21 Amazing Places in Germany

​This is a comprehensive collection of unusual places to visit around Germany. I haven’t been to a single one.

Mainberg Castle near Schweinfurt

This guest post is written by Lance M. Goolsby, who originates from Seattle, Washington. However, he spent 15 years in the U.S. Army, serving in the city of Schweinfurt, Germany for four of them. He says he is married to the most wonderful woman, Antje (Pronounced: Auntie-A), a local Schweinfurter. After leaving the army, he decided to settle down in Schweinfurt and place his roots in this beautiful small city. This is what he has to share with us.

Mainberg Castle

Mainberg Castle

A couple days ago, I was searching the internet to get some source photos for a renovation project I am conducting and came across Maria’s blog.

I had heard of a local castle, but had never gone. Many times the unit would hold a party in the castle, but somehow I was either deployed to some foreign country, or on duty. So I was always otherwise occupied.

A few months ago I was invited to a birthday party being held in the castle, and I thought it would be my chance to see it first hand. Somehow I met the manager, and we started talking. He was in the works of finalizing the plans for the renovations of the castle with the owner. Hours passed with him telling me stories of the history of the building, from its major involvement in the German Peasants war of the 1500s, to the unsavory occupation of the castle during the second world war by generals Hermann Goering, and Heinrich Himmler.

One thing led to another, and I was hired as the groundskeeper of the castle. My dream job. Bringing the long unattended gardens back to their former glory, which had not been seen by visitors since the renovations of the castle in 1924.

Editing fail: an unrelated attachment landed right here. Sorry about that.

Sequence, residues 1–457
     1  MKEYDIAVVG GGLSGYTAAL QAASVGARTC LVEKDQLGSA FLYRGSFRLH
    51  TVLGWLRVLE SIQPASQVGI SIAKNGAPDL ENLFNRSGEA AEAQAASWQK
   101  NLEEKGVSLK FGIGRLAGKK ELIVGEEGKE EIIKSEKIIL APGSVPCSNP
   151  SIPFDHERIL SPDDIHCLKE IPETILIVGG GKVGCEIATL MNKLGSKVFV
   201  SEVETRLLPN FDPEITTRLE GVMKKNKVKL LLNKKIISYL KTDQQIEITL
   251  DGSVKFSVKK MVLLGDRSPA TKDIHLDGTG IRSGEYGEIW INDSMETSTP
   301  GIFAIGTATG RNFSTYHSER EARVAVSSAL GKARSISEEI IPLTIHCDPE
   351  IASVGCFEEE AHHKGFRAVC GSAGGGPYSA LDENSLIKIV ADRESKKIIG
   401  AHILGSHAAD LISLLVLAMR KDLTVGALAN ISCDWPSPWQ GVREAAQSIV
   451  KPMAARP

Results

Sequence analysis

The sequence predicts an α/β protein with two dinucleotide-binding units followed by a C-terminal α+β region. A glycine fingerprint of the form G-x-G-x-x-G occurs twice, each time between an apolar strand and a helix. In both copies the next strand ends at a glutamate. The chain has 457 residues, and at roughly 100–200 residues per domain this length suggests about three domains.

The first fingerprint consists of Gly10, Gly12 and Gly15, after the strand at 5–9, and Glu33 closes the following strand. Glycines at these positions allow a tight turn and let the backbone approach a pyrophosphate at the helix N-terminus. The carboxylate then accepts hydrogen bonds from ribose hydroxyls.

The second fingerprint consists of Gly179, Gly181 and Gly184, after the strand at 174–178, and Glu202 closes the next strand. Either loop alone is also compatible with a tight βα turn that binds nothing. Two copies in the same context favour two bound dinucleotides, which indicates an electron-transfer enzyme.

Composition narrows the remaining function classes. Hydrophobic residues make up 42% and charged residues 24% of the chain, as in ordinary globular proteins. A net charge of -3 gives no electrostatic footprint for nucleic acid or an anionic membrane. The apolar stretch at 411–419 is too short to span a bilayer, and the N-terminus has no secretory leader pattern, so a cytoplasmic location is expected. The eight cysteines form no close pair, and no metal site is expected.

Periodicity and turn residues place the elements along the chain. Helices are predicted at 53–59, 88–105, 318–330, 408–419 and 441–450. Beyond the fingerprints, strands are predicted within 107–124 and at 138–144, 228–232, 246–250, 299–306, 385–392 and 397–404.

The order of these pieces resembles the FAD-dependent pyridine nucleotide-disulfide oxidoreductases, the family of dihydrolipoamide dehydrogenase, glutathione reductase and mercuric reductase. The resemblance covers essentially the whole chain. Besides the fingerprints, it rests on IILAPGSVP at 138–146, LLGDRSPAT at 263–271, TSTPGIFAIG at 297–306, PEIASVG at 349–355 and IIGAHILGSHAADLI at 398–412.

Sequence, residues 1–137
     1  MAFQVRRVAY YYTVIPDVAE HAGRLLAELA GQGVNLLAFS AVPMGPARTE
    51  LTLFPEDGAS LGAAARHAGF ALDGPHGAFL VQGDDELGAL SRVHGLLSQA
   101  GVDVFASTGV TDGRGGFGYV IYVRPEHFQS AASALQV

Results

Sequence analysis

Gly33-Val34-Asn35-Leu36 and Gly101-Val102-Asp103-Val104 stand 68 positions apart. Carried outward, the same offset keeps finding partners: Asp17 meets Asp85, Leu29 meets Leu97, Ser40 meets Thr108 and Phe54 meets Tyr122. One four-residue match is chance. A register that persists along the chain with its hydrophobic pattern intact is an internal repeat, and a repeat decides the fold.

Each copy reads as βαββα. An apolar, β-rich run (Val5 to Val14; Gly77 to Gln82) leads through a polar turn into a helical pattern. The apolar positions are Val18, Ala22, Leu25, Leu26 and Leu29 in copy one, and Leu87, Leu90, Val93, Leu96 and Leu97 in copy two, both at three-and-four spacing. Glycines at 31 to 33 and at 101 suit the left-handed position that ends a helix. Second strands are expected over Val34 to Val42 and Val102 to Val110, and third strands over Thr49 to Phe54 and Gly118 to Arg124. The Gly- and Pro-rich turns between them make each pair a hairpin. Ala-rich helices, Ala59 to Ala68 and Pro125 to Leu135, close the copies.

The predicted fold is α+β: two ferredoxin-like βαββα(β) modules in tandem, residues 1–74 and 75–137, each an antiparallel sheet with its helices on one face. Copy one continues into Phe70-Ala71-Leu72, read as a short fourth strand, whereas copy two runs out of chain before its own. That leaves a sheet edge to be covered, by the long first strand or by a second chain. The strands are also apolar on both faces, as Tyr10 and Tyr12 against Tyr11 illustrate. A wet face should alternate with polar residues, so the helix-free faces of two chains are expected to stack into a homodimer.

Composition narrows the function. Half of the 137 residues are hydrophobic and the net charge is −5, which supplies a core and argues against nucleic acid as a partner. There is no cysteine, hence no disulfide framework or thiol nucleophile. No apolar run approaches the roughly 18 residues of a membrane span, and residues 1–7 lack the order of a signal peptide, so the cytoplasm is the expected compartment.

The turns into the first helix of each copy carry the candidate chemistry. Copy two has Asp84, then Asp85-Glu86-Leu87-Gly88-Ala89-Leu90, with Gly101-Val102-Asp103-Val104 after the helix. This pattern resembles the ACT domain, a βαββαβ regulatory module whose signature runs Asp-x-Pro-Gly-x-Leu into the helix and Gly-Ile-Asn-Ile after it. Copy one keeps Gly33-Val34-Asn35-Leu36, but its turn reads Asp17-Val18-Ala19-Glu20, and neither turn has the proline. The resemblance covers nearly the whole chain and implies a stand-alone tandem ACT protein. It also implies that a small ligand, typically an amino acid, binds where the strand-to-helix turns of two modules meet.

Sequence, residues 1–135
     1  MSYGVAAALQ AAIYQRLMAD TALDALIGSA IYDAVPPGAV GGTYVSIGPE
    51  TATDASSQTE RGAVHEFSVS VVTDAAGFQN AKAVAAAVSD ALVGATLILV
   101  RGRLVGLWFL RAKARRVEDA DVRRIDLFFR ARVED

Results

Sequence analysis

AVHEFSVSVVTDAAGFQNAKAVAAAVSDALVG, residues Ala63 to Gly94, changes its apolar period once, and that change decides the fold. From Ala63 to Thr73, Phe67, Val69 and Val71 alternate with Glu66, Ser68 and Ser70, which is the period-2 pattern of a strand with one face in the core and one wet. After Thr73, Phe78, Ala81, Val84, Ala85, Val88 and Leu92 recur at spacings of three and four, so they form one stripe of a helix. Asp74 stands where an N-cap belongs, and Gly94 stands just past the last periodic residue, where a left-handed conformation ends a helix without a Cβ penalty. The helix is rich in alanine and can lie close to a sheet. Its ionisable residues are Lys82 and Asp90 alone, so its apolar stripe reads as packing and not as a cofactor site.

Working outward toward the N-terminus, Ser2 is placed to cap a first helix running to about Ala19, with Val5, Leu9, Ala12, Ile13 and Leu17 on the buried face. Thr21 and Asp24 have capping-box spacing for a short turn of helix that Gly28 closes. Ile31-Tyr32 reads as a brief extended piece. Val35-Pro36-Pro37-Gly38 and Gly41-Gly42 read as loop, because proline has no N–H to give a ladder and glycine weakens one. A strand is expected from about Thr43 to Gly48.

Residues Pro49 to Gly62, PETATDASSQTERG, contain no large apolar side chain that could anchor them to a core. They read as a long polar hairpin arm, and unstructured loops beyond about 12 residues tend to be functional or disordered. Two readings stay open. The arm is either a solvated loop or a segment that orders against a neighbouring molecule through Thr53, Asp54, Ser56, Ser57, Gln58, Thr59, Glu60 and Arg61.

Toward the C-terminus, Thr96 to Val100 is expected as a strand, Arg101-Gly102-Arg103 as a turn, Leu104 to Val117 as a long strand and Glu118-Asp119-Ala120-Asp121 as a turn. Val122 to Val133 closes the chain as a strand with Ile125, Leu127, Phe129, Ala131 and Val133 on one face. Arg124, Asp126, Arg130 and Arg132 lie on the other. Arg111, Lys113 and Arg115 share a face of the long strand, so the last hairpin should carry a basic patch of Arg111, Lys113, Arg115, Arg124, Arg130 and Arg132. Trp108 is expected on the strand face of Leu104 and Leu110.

The castle name is Schloss Mainberg, located around 3 kilometers, or about 2 miles outside Schweinfurt.

The tower of the castle was the first thing built, in around the year 980 to 1005. In the late 1300s and early 1400s, the local duke built the original castle. The castle was mostly destroyed in the Peasants War in the 1520s. Twenty years later, the castle that stands now, was built. The only thing original to the castle prior is the tower, which only lost around 30 feet from its top in the war.

After the Second World War, the entire contents of the castle were either carted off under orders of General Goering, or looted by the American soldiers or the local towns people. All statues with the exception of one, were used by various soldiers as target practice or targeted by vandals, and all heads are missing. Later the castle was shortly used as a factory for a hair care products company. After that, it passed through a few hands, but never was renovated or repaired.

In the last 60 years, the castle has slowly fallen into ruin. Cracks are allowing water to seep into the building, staining and ruining many murals painted on the walls and ceilings.  Vines, crawling up the walls, are undermining the concrete and pieces are falling to the ground. Eventually without the proper care, the castle would fall to the ground.

My job will be to bring the grounds to the quality they were in after the 1822 renovations. In one author’s writings, he described the gardens as an almost heavenly walk. Looking right, the view over the local Bavarian valley afforded him the possibility to see for miles on end. Three fountains adorned with mythological creatures gave the area an ethereal sound and the flowers planted gave the garden a scent that he couldn’t forget for several years before he wrote the book.

Further investigation into the grounds has recently produced a second garden from the same era, which it seems no visitors has ever seen. It’s a garden for the woman of the house at the time to retreat to with one of her favorite books, to relax and read. We now refer to this one as the secret garden. It was built in the rear of the castle, which is on the uphill side. It was made up of one main terrace, and three others, adorned with flowers, and rock walls. They had in effect carved 4 level areas out of the castle, adorned them with flowers,  benches, and tables, then fenced it off from the main castle garden for privacy. It must have been a vision in itself and to me was much more beautiful than the main garden.